The Winged Child
The Winged Child
by Henry Mitchell
An adult fairytale about a girl who might know how to fly, a neurobotanist who might be a dragon, an innkeeper who might be a machine and a politician who might be the antichrist.
Millicent McTeer grows to adulthood in Ashton, an Appalachian tourist town, convinced she knows how to fly. With a new president in power, the life Millicent knew changes. The government has spies on every corner, coercing citizens to follow the new order. As the country descends into anarchy, Millicent is drawn into political activism by her professor and becomes an exile.
In the Laurel Creek Containment District, separated from the chaos of the Atlantic American Republic, she finds a new life. As she develops her unique abilities and leads the exiles, incursions from the outside world threaten to destroy the tranquil life they have built together. Will Millicent reclaim her reality and discover the peace that has eluded her?
“Do you have wings, Dad?”
“Sure I do. Runs in the family.”
“So, why don’t you ever fly?”
Joshua shot her a convincingly wistful glance. “Grownups aren’t allowed to fly in this country, Angel. Otherwise, on special occasions, like birthdays, I just might.”
“That would be showing off,” said Millicent, affecting her mother’s stern expression.
“I suppose it would, but that didn’t stop you trying, did it?”
Millicent couldn’t summon a proper retort, stared intently at the road ahead.
Joshua rescued her from silence. “Anyway, grownups can’t fly, except on airplanes. It’s the law.”
“Then, I don’t want to grow up,” declared Millicent. “Ever.”
“I truly hope you don’t,” said her father, watching the truck in front of them turn without flashing a signal. “I hope that when you become a woman grown and strong, you are still my little girl inside.”
Millicent found no more words to say over the next two blocks until they turned onto McTeer Street. Ahead, she could see Hillhaven, the inn that had been run by their family ever since her great-grandmother Alice inherited it from her employer and life-long friend, who had no family of her own to whom she could pass it on.
“Will you always be my dad?” Millicent asked, gazing up at her father, who kept his eyes on his road.
“I’ll always be your dad, Angel,” he said. “Ever and ever amen.”
That sounded to her like an impossible promise. “Even when you are dead and gone?” she asked, using a phrase she’d overheard from one of the guests at the inn.
“Nobody’s ever dead and gone, Angel.”
About the Author:
Henry Mitchell reads and writes in the Blue Ridge Mountains of North Carolina.
He has written five novels and two collections of short stories.
Q&A With the Author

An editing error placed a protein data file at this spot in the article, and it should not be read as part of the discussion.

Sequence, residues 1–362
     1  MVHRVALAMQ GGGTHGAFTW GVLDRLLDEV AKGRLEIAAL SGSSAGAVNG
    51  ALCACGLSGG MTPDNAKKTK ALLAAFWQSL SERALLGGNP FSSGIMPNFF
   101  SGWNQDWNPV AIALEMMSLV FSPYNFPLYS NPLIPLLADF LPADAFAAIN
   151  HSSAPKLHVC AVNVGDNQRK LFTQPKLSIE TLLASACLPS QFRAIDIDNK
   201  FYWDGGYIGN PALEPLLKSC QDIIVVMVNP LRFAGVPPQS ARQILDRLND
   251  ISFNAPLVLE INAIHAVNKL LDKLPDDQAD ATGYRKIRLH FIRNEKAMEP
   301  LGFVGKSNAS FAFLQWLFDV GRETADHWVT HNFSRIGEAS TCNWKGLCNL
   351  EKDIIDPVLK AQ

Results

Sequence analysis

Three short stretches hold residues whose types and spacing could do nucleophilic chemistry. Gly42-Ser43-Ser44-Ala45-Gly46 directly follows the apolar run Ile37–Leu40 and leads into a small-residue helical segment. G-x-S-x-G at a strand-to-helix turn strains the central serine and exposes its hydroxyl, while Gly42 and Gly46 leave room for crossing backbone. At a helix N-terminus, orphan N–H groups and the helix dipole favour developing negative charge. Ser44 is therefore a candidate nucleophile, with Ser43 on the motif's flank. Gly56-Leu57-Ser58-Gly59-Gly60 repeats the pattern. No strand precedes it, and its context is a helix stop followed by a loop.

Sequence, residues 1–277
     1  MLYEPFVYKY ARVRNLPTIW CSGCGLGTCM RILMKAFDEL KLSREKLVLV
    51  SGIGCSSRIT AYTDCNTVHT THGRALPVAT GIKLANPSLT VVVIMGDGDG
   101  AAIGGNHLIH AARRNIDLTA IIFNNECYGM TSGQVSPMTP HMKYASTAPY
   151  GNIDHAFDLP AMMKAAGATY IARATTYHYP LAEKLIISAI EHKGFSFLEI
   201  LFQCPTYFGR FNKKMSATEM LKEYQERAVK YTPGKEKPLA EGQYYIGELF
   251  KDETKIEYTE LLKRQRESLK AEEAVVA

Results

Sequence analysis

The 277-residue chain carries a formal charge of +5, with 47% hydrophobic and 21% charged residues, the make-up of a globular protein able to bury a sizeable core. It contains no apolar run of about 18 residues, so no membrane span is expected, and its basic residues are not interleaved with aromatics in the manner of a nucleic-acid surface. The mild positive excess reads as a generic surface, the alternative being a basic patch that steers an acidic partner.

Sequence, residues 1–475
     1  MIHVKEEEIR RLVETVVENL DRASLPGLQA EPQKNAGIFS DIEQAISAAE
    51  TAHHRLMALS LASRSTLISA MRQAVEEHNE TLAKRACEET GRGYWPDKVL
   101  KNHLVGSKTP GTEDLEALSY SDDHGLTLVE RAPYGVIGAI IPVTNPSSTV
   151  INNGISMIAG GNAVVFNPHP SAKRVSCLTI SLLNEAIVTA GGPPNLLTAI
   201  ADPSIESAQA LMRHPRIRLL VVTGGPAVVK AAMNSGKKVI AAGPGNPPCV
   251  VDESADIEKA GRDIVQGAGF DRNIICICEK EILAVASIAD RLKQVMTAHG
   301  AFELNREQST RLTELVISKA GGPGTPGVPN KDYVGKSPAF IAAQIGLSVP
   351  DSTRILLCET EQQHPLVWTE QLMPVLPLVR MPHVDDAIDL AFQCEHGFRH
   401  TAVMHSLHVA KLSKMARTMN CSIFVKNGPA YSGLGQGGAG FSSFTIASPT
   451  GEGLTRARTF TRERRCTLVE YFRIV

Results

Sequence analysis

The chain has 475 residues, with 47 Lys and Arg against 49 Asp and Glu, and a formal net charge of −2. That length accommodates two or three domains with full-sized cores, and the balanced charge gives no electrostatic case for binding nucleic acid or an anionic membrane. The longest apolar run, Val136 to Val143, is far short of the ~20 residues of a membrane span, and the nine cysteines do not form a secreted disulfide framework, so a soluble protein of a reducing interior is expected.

When did you first consider yourself to be a writer?
I worked for fifty years as a visual artist. In my late sixties I was diagnosed with macular degeneration. I told my wife, “I want to spend my last chapter doing something I can get better at.” She said, “I’ve been telling you for years you ought to write something.” So I wrote a novel. By the time it was finished, I couldn’t shake the habit.
What advice do you have for a new writer?
Read a lot. Read widely. Write more than you read. Remember writer’s block is a myth. You can always write about something. When you’re stumped on the project before you, write about something else that you do have words for. Listen. Listen to sounds around you, the way people talk to one another. Be slow to take advice and slow to give it. Save your clever words for your books. Always listen to your editor but don’t always obey. Follow no directive that does not feel like your own. Take care of your health so that you can enjoy your success when it finally arrives.
What is the easiest part of the writing process for you?
The first draft is the easiest. It just goes down as it comes. The hardest part is after the first draft. Unwriting is always more difficult than writing. Deciding what cherished parts the book can live without is agony. In the end, anything that doesn’t look like your story has to go. Save the good pieces that don’t make the final cut, though. Some of them may have stories of their own. That’s how Millicent McTeer got here.
What is your favorite part of this story?
That’s hard to say. Each part was my favorite part while I was writing it. When asked to read from The Winged Child, I tend to choose something from the section that takes place in the Laurel Creek Containment District where Millicent and her friends have been exiled by the Atlantic American Republic. I love those characters.
Which character was the most fun to write about? Why?
I had the most fun with Wendl Von Trier. He is a púca, a shapeshifter, a benevolent trickster. He serves as Millicent’s mentor and guide through all her misadventures across the worlds. I enjoyed traveling in Wendl’s company so much that I am writing another novel in which he is a central character. Wendl is never a protagonist, but he makes stuff happen.
Which character was the hardest to write about? Why?
Millicent McTeer was the hardest to write. What does an old man know about how it is to be a young woman? It got easier as she grew closer to her author’s age, but I annoyed all the females in my life with my constant querying, “What would you do if…” “How would you react to…” Millicent is a made-up character, after all, but in certain lights, she bears a marked resemblance to my daughter Kate.
Henry Mitchell will be awarding a $25 Amazon or B/N GC to a randomly drawn winner via rafflecopter during the tour.
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